The Candy Maker’s Guide: Fruit Candies


Fruits green, dried or preserved, almonds and nuts of almost every description, as well as flavors and colors of a pleasant taste and pretty hue may be used in making candies. The process is exactly the same: the ingredients can be arranged to suit the fancy of the maker and the palate of his customers. The field to select variety from seems inexhaustible, so that new goods of this class should be introduced ad. lib. No good purpose could be served by giving a procession of these simple instructions, when with little thought and judgment anyone could invent a new candy for themselves. It might be as well to add that a little glucose or cream of tartar added will make the candies softer, and may be used, if preferred, in each formula in the proportion of 2 lbs. of glucose or a teaspoonful of cream tartar to every 10 lbs. of sugar.


12 lbs. White Sugar.
3 lbs. Raspberry Jam.
2 quarts water.
Brilliant Rose Coloring.

Process.—Melt the sugar in water, and boil to ball 250; add the raspberry jam, and stir it well in; remove the pan from the fire, add sufficient coloring to make bright raspberry; rub part of the mixture with spatula against side of pan until it changes a heavy opaque, then stir the whole mass until uniform. Pour the contents carefully on a slab, covered with greased paper; make the sheet about ½ inch thick, mark into bars with a sharp knife, and break up when cold.


6 lbs. White Sugar.
2 lbs. Apricot Jam or Pulp.
2 pints water.
Saffron Coloring.

Process.—Melt the sugar in the water and boil to ball, 250, add the jam or pulp. Stir well until thoroughly mixed in, remove the pan, rub part of the contents against the side of the pan with spatula until cloudy and opaque; color with saffron a bright yellow, then stir the whole together until uniform cloudy; pour out in frames or on slab covered with oiled paper. A pinch of tartaric acid would improve the flavor, but often prevent candying, unless in the hands of an expert. In any case the acid should be added in a fine powder after the whole has been thoroughly grained. A pallette knife is a very useful knife for rubbing the sugar against the sides of the pan.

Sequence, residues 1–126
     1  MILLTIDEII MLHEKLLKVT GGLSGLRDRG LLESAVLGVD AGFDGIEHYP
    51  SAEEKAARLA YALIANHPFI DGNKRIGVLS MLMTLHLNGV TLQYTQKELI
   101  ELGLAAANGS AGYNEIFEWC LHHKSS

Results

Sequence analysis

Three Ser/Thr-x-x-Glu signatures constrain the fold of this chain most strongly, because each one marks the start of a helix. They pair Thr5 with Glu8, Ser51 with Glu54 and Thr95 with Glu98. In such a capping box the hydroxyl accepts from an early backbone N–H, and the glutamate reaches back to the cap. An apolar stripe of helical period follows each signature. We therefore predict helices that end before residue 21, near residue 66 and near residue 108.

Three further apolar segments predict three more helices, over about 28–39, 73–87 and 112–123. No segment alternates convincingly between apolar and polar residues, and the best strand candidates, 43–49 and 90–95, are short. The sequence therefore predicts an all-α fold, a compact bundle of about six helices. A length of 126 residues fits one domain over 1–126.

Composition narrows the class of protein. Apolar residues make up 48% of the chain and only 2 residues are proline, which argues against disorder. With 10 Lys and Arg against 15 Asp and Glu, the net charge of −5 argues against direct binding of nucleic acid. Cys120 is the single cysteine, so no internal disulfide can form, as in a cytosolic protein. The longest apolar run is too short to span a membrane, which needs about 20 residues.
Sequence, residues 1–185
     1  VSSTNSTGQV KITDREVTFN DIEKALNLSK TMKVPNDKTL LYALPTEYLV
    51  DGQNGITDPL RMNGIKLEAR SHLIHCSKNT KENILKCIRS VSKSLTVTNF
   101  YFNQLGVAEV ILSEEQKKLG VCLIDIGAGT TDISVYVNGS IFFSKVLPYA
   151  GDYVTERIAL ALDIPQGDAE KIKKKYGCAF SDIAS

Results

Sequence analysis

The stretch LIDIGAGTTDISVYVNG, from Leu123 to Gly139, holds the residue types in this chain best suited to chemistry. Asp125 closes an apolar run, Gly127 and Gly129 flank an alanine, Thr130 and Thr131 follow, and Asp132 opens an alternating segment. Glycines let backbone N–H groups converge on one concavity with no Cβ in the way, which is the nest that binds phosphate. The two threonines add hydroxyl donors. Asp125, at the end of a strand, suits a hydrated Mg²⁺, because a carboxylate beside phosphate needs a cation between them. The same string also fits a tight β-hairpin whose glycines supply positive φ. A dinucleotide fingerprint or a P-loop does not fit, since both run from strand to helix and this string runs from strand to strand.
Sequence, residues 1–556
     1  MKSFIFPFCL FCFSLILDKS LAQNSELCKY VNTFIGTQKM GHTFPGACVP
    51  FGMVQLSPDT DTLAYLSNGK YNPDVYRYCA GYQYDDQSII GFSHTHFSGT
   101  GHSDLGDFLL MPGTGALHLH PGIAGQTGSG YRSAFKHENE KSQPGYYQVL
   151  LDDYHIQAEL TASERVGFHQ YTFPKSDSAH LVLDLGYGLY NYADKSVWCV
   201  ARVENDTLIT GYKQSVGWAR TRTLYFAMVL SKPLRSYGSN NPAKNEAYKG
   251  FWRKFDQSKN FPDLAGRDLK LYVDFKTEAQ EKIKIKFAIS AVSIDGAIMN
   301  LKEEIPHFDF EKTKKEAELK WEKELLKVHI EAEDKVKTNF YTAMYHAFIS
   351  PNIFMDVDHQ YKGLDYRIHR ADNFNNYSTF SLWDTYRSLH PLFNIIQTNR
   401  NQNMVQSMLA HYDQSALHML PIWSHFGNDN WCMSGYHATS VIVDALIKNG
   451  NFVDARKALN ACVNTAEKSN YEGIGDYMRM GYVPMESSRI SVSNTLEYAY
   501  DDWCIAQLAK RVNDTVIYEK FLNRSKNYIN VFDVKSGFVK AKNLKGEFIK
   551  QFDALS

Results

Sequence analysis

14 lbs. Brown Sugar.
6 large Cocoanuts Sliced.
3 pints water.

Process.—Melt the sugar in the water, and boil to degree of ball, then add the sliced cocoanut, stir them in remove the pan from the fire and rub the sugar against the side of the pan until it becomes cloudy stir the whole together until the whole becomes cloudy and thick; turn out the batch into tins or on slabs; mark with a sharp knife into squares or bars. When cold break it up at marks. Prepare the cocoanuts by cutting them up into thin slices with a spokeshave or machine. The brown skin is seldom skinned off for this dark candy.


14 lbs. White Sugar.
6 Large Coconuts Peeled and Sliced.
3 pints Water.

Process.—Peel off all the brown skin from the nuts with a sharp knife; wash them and cut into thin slices. Melt the sugar in the water and boil to ball 250, add the sliced nuts, keeping the boil well stirred. When thoroughly mixed, remove the pan from the fire and commence to grain with pallette knife or spatula until the whole mass turns an opaque white. Now turn out the batch into frames, or on the slab, which has been covered with paper; mark into convenient sized bars, break up when set hard.


10 lbs. Brown Sugar.
1 lb. Pure Block Cocoa.
4 Coconuts shredded.
3 pints water.

Process.—When cracking the nuts, do so over a basin and save all the milk: peel all brown skin off and cut the nut into fine shreds with machine; dissolve the sugar in the pan with the water and coconut milk, boil up to ball, remove the pan a little off the fire, then add the nut together with the pure block cocoa, stir the whole together, grain on side of pan as before directed. Stir the whole well up and turn out into frames or on pouring plates.

N.B.—The pure cocoa should have been previously melted in a saucepan or chopped up in small pieces. In the latter case there is less waste, and the heat of the sugar would soon melt it.


7 lbs. White or Brown Sugar.
1 lb. Currants cleaned and dried.
½ lb. Sultanas.
½ lb. Sweet Almonds.
2 pints water.
Saffron Coloring.

Process.—Mix together the fruits, which should have been freed from grit and dust; boil the sugar and water to the degree of ball, 250; remove the pan from the fire; gently grain the boil by rubbing a little of the syrup against the side of the pan until cloudy, then slide in the fruit and stir the whole together, adding a little saffron to color a bright yellow. See that the mass has changed to an opaque, then turn the lot out into frames or on a pouring slab.